8. February 16, 2008 at 12:41 am — Reply

    Absorbing Man came first in real time…

  9. February 16, 2008 at 1:57 am — Reply

    “Also, why is Mr. America whipping the Black half of the issue cover???”

    Blame Alex Ross!!!

  10. Sanlear
    February 16, 2008 at 8:37 am — Reply

    “I gotta tell ya, it’s good to see Ving Rhames getting work… I haven’t seen him in anything since the remake of ‘Dawn of the Dead.’”

    You missed out on his version of “Kojak” I see. :)

  11. Baal
    February 16, 2008 at 9:19 am — Reply

    Has Alex Ross been involved with anything for years that actually creates new things? Here he’s feasting on the bloated corpse of Kingdom Come, he’s defiling the public domain elsewhere, and he’s doing something with the Invaders traveling through time for Marvel. Is the man capable of original thought anymore?

  12. February 16, 2008 at 9:58 am — Reply

    “You missed out on his version of “Kojak” I see. :)”

    The key words were “*I* haven’t seen him in anything…” :) It should be noted that I wouldn’t watch an Adam Sandler gay panic movie if you paid me by the minute. As for Kojak, I completely forgot that ever happened…

    “Has Alex Ross been involved with anything for years that actually creates new things?”

    Well, in Alex’ defense (Yeah, I know, it scares me, too) he’s become enough of a superstar that he can really pick and choose what interests him, drawing/writing what he wants. Every creator has habits and formulas that permeate his writing, and I understand that. I’ve just gotten tired of Ross being trumpeted as the future of comics. Certainly he’s a talented artist, but the finished work is just so… static. My co-worker Dusty likes to point out that his work is superior because he draws what superheroes would REALLY look like. I can see that argument, but, honestly, is that what we read comics for? If you want to know what real-world superhumans would look like, there’s always Monday Night Raw.

    In point of fact, Alex Ross is what the aforementioned Raw would call a ‘novelty act.’ His art is different than anything else on the stands, and will stand out in a crowd, drawing your eye to his comics and covers. The same could have been said in the past of people like the late Alex Toth, the uber-talent Gil Kane, and even Jack Kirby & Steve Ditko in their later years, some pretty good company indeed. But his art sells mostly because it’s unique, and his writing only sells because his art does.

    I like to play a game called “What’s your creator’s favorite childhood comic?” In my case, it should be obvious, as in Stephen’s (though I’d like to hear guesses. :) ) In Alex Ross’ case, I suspect he was strongly moved by “Secret Wars,” as most all of his writing over the past decade has been about huge groups of characters, each one smartly designed to make them identifiable trademarks, all swirling about in a huge earth-shattering plot with little regard for anything other than the ‘Hey!’ factor. “Hey, it’s the 3-D Man! Hey, that’s the Gargoyle! Hey, Nighthawk has no eyes!” And all the stories end with what Eddie Izzard calls ‘that certain “Oh…” kind of feeling,’ trailing off into incoherence and leaving our trademarks… er, characters, ready for marketing to the public as action figures and posters.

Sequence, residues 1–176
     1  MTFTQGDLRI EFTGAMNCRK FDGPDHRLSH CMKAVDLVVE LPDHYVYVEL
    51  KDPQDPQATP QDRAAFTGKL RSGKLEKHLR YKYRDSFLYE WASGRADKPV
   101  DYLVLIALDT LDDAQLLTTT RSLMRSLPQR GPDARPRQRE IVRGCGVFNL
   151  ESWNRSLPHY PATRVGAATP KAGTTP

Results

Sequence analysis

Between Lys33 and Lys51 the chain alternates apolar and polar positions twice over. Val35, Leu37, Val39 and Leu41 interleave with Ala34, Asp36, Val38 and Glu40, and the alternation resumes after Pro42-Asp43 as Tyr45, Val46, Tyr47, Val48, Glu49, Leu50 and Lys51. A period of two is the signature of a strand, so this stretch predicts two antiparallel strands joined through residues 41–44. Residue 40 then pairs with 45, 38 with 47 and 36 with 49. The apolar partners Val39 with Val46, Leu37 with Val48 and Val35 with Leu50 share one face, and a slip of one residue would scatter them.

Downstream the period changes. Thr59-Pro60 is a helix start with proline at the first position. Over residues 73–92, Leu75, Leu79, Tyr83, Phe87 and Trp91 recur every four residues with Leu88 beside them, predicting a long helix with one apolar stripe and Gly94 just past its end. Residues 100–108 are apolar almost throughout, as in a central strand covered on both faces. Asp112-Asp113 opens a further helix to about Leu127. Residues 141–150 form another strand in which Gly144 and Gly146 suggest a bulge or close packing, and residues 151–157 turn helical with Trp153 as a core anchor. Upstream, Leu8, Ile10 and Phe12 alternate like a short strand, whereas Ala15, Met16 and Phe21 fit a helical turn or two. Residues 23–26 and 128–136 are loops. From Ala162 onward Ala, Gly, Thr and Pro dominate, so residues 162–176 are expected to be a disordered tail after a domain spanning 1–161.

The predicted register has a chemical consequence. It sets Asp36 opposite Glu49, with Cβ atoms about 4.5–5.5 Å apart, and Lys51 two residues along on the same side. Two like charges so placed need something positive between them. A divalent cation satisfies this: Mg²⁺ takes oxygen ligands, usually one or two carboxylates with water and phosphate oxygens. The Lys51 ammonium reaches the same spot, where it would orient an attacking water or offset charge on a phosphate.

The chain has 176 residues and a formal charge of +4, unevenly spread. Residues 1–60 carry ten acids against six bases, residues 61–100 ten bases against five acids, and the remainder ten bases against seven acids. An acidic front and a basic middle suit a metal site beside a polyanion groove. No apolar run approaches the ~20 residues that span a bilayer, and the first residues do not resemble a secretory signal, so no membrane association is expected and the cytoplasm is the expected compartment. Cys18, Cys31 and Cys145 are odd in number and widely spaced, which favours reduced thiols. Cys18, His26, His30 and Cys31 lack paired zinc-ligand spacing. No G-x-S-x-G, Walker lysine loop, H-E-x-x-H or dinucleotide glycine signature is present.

13. February 16, 2008 at 12:02 pm — Reply

    Randallw…
    The retro-con of Amazing Man is from the old Bill Everett (creator of Sub-Mariner) character Amazing-Man, who was published by Centaur back in the late thirties, early forties.

    Roy Thomas did not make a straight retro-con (the Will Everett/Amazing Man first appeared in All-Star Squadron #23, 1983), as we understand it today, but more a homage to the original character and his creator.

    A-Man was simply a quick way of getting Amazing Man’s name out, kinda like “Cap”.

    The original Amazing-Man was known as John Aman, a name that should be familiar to readers of The Immortal Iron Fist.

  14. Josh
    February 16, 2008 at 1:05 pm — Reply

    Why do they let Alex Ross co-plot Justice Society? JSA was such a better book. Let him paint the pretty covers and design a character or two. Stop letting him contribute to the actual writing.

    I miss JSA.

  15. February 16, 2008 at 11:31 pm — Reply

    Justice Society of America gives me a headache. As someone who is barely involved in DCU, this title was my primer as I eased myself into the ‘other’ side. This title has been stagnant the last couple of issues with just new team members being added. Members that I could care less, and wait now it’s been hijacked by Gog … lame.